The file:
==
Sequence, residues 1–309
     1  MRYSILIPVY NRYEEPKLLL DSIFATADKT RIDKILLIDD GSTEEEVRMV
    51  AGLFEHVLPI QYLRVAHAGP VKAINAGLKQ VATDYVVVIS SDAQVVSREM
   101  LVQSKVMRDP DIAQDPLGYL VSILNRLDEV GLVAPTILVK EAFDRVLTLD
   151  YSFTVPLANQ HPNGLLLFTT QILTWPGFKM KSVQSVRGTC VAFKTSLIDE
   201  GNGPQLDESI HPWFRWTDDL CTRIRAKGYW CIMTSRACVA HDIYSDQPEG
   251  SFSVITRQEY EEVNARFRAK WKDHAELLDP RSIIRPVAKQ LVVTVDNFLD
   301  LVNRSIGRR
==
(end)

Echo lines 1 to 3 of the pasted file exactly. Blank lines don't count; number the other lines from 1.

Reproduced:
Sequence, residues 1–309
     1  MRYSILIPVY NRYEEPKLLL DSIFATADKT RIDKILLIDD GSTEEEVRMV
    51  AGLFEHVLPI QYLRVAHAGP VKAINAGLKQ VATDYVVVIS SDAQVVSREM